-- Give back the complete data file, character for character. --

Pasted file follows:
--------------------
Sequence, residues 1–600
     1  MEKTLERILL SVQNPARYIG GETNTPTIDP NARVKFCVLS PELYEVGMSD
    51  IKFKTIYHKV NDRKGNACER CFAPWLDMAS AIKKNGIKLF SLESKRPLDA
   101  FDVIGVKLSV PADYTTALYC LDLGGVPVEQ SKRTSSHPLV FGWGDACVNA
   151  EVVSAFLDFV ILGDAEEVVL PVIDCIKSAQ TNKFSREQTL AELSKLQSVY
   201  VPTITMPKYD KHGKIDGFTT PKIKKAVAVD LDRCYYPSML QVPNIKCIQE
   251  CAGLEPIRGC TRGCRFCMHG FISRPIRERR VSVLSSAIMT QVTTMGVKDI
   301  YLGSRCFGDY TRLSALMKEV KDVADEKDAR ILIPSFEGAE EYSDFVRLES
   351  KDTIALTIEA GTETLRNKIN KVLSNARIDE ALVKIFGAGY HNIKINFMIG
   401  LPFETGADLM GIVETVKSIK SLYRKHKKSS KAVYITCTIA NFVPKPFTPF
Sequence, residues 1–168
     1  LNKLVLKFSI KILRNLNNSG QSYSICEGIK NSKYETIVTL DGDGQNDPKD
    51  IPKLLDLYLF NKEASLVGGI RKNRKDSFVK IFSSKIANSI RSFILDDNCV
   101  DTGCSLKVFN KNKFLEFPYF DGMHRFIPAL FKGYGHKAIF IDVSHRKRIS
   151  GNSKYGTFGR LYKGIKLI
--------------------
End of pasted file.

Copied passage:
Sequence, residues 1–600
     1  MEKTLERILL SVQNPARYIG GETNTPTIDP NARVKFCVLS PELYEVGMSD
    51  IKFKTIYHKV NDRKGNACER CFAPWLDMAS AIKKNGIKLF SLESKRPLDA
   101  FDVIGVKLSV PADYTTALYC LDLGGVPVEQ SKRTSSHPLV FGWGDACVNA
   151  EVVSAFLDFV ILGDAEEVVL PVIDCIKSAQ TNKFSREQTL AELSKLQSVY
   201  VPTITMPKYD KHGKIDGFTT PKIKKAVAVD LDRCYYPSML QVPNIKCIQE
   251  CAGLEPIRGC TRGCRFCMHG FISRPIRERR VSVLSSAIMT QVTTMGVKDI
   301  YLGSRCFGDY TRLSALMKEV KDVADEKDAR ILIPSFEGAE EYSDFVRLES
   351  KDTIALTIEA GTETLRNKIN KVLSNARIDE ALVKIFGAGY HNIKINFMIG
   401  LPFETGADLM GIVETVKSIK SLYRKHKKSS KAVYITCTIA NFVPKPFTPF
Sequence, residues 1–168
     1  LNKLVLKFSI KILRNLNNSG QSYSICEGIK NSKYETIVTL DGDGQNDPKD
    51  IPKLLDLYLF NKEASLVGGI RKNRKDSFVK IFSSKIANSI RSFILDDNCV
   101  DTGCSLKVFN KNKFLEFPYF DGMHRFIPAL FKGYGHKAIF IDVSHRKRIS
   151  GNSKYGTFGR LYKGIKLI